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What is Jungian Analysis?

Jungian analysis is a form of depth psychotherapy pioneered by Swiss psychiatrist Carl Jung in the early 20th century. Many are attracted to Jung’s approach because of his emphasis on deep psychological growth rather than just symptom relief, and because of his respect for spirituality and the creative process. Jung himself referred to the approach he initiated as Analytical Psychology and believed that it should continue to develop beyond his own discoveries and insights. And it has. Current Jungian practice is enriched by a broad range of perspectives and research.

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The New York Association for Analytical Psychology (NYAAP) is a professional society of graduate Jungian analysts practicing primarily in the greater New York metropolitan area and throughout the United States and Canada. NYAAP provides professional enrichment for members, conducts regularly scheduled business meetings, and maintains a free personalized Referral Service for the public.

NYAAP is a charter member of The International Association for Analytical Psychology and plays a leading role in both the local and international Jungian communities.

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goddess that became a disease

Jungian analyst and NYAAP President Gary Trosclair weaves together Jung’s ideas, contemporary trends, and both ancient and modern mythology to offer a perspective on our need to control. His essay was originally posted at www.thehealthycompulsive.com. ___________________________________________________________   Carl Jung famously wrote that the gods have become diseases. What he meant was that because we no longer consciously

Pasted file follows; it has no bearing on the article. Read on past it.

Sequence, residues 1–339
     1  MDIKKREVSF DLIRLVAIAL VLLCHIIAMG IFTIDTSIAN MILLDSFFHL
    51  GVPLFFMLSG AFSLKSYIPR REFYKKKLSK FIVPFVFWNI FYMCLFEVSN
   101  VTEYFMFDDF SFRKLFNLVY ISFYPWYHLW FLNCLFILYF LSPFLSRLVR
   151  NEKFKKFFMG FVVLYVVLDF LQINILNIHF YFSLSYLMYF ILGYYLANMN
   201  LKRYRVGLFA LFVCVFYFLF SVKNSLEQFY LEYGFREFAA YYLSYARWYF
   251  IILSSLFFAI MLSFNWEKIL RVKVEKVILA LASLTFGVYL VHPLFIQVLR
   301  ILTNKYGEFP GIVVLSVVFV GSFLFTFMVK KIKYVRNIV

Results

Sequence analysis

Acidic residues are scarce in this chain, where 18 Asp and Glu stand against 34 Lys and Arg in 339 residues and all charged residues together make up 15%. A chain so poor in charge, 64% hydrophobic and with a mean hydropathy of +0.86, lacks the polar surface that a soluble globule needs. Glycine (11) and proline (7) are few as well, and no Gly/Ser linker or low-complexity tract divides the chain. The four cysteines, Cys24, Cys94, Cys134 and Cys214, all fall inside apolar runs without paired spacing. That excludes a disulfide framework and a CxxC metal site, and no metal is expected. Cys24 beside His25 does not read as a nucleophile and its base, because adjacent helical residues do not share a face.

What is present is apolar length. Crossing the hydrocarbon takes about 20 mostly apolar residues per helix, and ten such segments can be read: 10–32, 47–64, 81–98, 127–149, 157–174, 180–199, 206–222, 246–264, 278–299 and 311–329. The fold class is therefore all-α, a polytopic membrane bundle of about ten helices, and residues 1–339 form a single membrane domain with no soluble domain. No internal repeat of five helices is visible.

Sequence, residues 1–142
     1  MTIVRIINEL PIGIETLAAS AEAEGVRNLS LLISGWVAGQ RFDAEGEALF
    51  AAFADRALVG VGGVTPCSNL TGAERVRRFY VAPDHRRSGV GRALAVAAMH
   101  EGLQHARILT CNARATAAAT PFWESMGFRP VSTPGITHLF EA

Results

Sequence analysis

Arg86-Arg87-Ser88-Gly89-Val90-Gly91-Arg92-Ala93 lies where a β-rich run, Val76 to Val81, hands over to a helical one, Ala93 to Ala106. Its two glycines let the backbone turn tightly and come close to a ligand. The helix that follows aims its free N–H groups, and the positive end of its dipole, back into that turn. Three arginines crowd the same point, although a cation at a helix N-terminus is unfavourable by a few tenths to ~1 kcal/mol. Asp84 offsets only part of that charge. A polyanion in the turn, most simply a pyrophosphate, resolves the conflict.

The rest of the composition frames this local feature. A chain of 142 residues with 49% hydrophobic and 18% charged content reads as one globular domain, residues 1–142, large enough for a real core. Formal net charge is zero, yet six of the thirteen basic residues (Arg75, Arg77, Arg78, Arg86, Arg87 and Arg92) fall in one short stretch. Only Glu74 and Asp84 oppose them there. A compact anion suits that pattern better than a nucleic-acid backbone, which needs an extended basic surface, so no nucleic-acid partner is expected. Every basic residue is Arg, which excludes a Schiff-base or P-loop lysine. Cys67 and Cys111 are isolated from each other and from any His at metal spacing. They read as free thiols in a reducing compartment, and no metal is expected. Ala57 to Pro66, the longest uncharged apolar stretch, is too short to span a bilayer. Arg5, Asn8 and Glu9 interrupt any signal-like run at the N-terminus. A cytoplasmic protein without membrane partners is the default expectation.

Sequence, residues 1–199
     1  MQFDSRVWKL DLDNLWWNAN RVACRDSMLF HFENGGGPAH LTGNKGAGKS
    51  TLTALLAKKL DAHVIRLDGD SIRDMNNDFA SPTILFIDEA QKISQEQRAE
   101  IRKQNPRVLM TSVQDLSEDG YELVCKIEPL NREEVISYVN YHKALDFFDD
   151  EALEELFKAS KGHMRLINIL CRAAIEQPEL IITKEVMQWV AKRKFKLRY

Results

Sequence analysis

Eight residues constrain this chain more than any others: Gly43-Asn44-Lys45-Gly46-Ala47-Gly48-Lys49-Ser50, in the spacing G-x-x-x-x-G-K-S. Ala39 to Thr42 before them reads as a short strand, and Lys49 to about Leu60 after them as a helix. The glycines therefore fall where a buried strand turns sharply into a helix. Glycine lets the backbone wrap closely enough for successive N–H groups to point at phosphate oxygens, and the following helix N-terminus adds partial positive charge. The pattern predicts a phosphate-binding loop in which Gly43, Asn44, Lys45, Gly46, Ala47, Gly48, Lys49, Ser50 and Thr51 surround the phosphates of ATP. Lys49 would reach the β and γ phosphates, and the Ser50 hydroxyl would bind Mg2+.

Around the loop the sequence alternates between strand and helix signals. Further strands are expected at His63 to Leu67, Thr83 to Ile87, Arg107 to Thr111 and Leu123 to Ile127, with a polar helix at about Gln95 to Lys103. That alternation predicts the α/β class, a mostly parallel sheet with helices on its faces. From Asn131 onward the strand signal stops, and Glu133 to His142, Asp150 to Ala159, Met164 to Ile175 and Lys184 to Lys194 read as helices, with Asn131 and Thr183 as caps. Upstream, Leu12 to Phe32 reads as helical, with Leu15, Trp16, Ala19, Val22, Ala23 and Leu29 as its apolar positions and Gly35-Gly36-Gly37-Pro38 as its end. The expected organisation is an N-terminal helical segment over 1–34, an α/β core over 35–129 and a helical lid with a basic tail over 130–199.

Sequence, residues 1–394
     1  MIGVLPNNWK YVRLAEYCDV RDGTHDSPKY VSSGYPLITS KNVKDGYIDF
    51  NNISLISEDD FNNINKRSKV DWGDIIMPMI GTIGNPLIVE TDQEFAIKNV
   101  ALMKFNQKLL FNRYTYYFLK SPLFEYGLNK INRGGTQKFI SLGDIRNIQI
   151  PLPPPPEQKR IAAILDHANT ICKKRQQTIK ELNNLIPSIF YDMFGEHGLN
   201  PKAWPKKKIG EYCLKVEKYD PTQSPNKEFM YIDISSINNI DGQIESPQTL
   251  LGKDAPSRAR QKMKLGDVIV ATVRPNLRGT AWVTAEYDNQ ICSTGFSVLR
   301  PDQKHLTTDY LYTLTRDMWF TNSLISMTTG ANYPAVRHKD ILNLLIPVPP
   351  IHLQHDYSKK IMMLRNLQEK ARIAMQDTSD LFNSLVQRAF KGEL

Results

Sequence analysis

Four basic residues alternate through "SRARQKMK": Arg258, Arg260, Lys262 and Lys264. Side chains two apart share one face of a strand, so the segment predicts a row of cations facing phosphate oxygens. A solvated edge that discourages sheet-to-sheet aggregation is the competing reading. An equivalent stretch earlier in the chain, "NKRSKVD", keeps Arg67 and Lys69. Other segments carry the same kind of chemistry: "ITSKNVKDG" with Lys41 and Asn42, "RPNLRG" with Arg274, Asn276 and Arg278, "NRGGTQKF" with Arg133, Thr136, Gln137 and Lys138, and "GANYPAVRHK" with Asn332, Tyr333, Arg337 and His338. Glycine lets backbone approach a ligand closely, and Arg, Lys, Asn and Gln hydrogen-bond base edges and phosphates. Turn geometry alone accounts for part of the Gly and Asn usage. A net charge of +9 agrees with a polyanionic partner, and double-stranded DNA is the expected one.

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role of community in individuation

Gary Trosclair, DMA, LCSW, President, NYAAP

Last month I was elected president of The New York Association for Analytical Psychology (NYAAP), our community of Jungian analysts in the New York metropolitan area. This new position has led me to reflect on our vision for NYAAP, and, closely related, the role of community in individuation.

NYAAP evolved from a group of analysts who had trained and analyzed with Jung in Zurich and then came together in New York in the 1930s to share their experience and develop their ideas about psychological transformation. They felt that by coming together they could better share what they had learned with the larger community. But more importantly they could amplify their own engagement with Psyche. They formed a learning community, but it wasn’t just academic.

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